To me the paintings seem “purer” in this quasi-abstract state, even if they are already slightly verging on the heretical to notions of true abstraction.  Even so, I feel compelled to further compromise or subvert this formal purity with subsequent layers of content.  Agnes Martin once said that her work was “about perfection as we are aware of it in our minds but that the paintings are very far from being perfect – completely removed in fact – even as we ourselves are.”   Through the use of overlapping layers of content and form I desire to “tie the paintings down, burden them so as to bring them down to life’s level; to bring them into the clutter of dailyness and see if they still keep something of that nebulous sense of truth.”

 

Influences and Process:  Painting and the Everyday

“My intention (is) to describe what remains: that which we generally don’t notice, which doesn’t call attention to itself, which is of no importance: what happens when nothing happens, what passes when nothing passes, except time, people, cars, and clouds.”  Georges Perec

At present the most discernable influences on my work are the writings of Queneau, Perec and the Oulipo, who were interested in puzzles, imposing constraints, instructions, clues… in a sense drawing both the writer’s and the reader’s attention to form and its ability to succeed or to fail to translate one’s ideas.

Here I am reminded of the “rules” of painting and visual expression but find myself swayed to be “bad”, to express “badly” as Beckett said: “ill seen ill said”.

And following along this train of thought – I have found nothing more freeing then the suggestion that I may, within my own work, choose to be completely opaque.  And I don’t mean a sort of Joycean strategy of knotting up language, where each reference may be unraveled, but instead a puzzle, whose lengthy solution may prove that there is no solution, or may prove nothing.  And so I am interested in offering up misreadings, in espousing fallacies, in positing false truths and using these “truths” as constraints.  I begin to wonder whether my subject matter exists within the process or with the relic of the process, that being the finished painting.

I paint within a realist tradition as I enjoy the disjunction of resisting or thwarting literal expectations: my paintings always give back something other than that which would be offered by the object in person or its photographic likeness.   What realism allows me to do is feign reality, and as I have mentioned above: to imply truths, and to lie.  There is within representation the illusion of reality; it draws on the system of beliefs which defines what we experience as reality.  I am making paintings that while presenting the real (i.e.: “truth”) still consistently draw attention to their form: within each painting there is a reminder of it’s contrivance (painting as vehicle of contrivance, painting as device, as translation) and in so doing I create friction between the image and the means by which the image is substantiated.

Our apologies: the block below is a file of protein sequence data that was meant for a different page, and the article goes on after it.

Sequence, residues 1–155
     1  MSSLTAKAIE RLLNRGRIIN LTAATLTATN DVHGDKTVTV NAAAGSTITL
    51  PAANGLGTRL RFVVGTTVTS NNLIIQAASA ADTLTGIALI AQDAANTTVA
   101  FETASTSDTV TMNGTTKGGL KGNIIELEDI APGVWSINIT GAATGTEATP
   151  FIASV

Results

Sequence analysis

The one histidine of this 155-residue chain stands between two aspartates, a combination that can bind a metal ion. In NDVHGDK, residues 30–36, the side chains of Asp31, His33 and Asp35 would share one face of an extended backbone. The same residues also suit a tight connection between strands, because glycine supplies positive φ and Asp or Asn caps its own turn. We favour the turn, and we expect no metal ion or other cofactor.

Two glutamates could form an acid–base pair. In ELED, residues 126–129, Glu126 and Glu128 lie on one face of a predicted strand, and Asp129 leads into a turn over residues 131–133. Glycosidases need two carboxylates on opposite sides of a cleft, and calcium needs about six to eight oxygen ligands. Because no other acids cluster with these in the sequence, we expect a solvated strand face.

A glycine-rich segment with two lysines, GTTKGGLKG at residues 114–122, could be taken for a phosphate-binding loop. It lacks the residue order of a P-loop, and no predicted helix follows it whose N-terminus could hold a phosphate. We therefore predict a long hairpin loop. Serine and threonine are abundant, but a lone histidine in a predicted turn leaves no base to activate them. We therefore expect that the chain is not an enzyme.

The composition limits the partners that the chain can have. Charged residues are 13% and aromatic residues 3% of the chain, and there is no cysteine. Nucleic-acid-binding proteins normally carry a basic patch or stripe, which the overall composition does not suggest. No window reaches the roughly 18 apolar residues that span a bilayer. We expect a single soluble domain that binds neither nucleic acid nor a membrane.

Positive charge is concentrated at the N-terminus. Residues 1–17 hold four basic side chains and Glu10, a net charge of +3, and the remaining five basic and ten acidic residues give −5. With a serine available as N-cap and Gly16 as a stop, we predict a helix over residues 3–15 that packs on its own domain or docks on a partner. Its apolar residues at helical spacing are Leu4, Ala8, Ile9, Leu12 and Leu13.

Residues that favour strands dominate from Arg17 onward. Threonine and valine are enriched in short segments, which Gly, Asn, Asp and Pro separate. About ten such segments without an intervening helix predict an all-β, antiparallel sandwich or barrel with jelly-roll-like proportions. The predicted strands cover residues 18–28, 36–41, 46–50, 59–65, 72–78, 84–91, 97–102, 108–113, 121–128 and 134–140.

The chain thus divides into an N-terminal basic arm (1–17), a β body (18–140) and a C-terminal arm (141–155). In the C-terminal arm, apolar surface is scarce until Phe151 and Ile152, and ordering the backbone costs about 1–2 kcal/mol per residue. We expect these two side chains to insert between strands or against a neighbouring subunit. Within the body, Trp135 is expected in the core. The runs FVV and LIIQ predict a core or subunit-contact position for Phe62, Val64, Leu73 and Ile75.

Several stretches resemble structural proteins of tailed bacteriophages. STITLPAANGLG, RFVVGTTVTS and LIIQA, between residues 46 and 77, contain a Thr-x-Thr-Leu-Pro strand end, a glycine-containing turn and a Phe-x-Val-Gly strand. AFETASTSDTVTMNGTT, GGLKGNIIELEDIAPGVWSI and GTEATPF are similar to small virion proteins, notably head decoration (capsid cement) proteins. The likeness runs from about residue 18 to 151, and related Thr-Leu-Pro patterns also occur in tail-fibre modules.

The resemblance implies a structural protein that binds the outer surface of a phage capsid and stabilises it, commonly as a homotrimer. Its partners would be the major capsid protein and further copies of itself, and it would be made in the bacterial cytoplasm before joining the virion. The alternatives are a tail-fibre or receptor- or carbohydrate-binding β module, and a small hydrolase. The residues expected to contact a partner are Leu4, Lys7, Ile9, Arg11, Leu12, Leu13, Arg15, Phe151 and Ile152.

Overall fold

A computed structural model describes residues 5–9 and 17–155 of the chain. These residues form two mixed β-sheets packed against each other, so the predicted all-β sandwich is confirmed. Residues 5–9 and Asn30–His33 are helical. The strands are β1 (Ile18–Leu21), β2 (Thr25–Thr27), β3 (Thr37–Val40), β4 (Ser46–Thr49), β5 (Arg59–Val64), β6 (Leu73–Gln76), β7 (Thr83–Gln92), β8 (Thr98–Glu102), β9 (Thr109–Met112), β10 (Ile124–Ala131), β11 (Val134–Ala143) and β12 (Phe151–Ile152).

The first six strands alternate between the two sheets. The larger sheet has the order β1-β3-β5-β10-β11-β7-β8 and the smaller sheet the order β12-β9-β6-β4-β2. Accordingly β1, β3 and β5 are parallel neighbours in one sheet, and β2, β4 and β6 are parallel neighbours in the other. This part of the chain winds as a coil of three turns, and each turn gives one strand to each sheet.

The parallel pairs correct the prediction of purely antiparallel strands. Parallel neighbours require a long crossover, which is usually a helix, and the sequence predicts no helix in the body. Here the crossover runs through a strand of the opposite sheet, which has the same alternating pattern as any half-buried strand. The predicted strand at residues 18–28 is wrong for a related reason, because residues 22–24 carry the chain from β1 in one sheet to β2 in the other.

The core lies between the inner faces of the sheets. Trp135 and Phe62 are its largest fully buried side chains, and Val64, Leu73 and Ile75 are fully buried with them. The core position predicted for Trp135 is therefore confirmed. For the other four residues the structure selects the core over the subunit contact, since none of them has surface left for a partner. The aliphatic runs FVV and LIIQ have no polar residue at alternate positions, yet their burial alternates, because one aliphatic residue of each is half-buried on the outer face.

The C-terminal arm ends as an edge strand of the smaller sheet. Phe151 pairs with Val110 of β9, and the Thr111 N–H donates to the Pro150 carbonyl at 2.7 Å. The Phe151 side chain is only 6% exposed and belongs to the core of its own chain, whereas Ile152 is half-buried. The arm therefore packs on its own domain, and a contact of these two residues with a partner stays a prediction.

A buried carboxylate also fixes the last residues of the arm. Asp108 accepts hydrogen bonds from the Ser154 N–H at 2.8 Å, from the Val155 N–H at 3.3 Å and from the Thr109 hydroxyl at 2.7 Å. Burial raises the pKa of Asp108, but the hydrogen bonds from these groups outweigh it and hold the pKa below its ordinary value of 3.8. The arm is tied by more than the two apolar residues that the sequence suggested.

Once upon a time I would have claimed that I used the language of painting as a tool, but now I will admit that the tool is vying with the image as the subject, and through this insistence the formal tools do much to control the outcome.  The process has become the subject, the finished product it’s artifact.  And how is this apparent?  I am not sure it needs to be.  To me it seems enough that the process propels and supports the product, leave it to temporal mediums to reveal themselves in progression.  What interests me is the potential of removing the romantic quality of inspiration and replacing it with something everyday.  “What happens when nothing happens?”

My goal is that by following the process, my process, I will have recorded something of what was there in the moment, perhaps an unseen, unrealized truth floating nebulous in the air, or perhaps I may mark a moment in time before having the knowledge of its importance, and know something of what is by not closing down the possibilities too soon, by not judging: creating a structure for progress that is both scientific and reflexive, a process which exists in time and makes a relic of that time, that will mark that day, that moment: not necessarily a train wreck or an earthquake, but the slow erosion of the hours.

“How can we speak of these “common things”, how rather, can we stalk them, how can we flush them out, rescue them from the mire in which they remain stuck, how can we give them a meaning, a tongue, so that they are at last able to speak of the way things are, the way we are?”  Georges Perec

Jen Mazza, 2012